It should be noted that Northwestern University, which continues to explore and expand its footprint in Evanston, might also be considered to be a major developer. It is essential that the 1st Ward alderman be an independent voice – and one that isn't silenced by conflicts of interest – who can strive to assure that its projects are good for the entire community.

Question: What do you think about police-community relations in your Ward? In the City? What, if anything, would you suggest doing differently?

Police/Community relations in the 1st Ward are generally very good. Our PST officer is very responsive and popular with residents. Unfortunately, homelessness and aggressive panhandling are ongoing issues. Charges of overreaction by EPD are rare, but when they arise, they have been taken very seriously by both the Council and Police Chief, and comprehensive reforms that reflect the expectations of the community are being implemented.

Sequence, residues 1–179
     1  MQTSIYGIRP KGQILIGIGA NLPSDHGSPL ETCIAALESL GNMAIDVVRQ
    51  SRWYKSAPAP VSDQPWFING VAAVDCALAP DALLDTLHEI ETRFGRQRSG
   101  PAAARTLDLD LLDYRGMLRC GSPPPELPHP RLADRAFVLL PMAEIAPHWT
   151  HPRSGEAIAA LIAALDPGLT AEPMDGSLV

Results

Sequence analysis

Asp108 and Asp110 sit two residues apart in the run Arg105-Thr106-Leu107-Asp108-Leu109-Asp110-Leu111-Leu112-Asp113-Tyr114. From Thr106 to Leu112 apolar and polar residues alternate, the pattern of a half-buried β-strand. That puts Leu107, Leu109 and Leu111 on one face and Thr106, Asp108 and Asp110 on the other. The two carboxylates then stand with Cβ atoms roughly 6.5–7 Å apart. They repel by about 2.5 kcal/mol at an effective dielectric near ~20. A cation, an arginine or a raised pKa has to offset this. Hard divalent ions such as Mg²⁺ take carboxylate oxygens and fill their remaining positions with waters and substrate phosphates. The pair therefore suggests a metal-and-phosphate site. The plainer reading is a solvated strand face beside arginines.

Question: What specific strategies would you support to preserve affordable housing and to create additional affordable housing in all areas of the City?

The 1st Ward contains two mid-rise CACC facilities and scattered site-subsidized housing, as well as a large number of rental buildings. Amendments to the inclusionary housing ordinance that were recently adopted with my support are requiring developers to include affordable units in new construction in order to qualify for bonuses. My goal is to make sure these units remain affordable in perpetuity rather than have their affordable nature expire after a number of years.

Question: What specific strategies do you believe should be in place to promote equity in the decision-making process for all City departments? What form should citizen input take in this process?

The Council has approved funding, with my support, for an Equity & Empowerment Coordinator on staff who will focus on internal and external operations of the city, including EPD. Empowerment will focus especially on underserved areas of the city to ensure that all citizens have the information they need to be actively involved in the government process.

Question: What would you do to make Evanston a more environmentally sustainable community?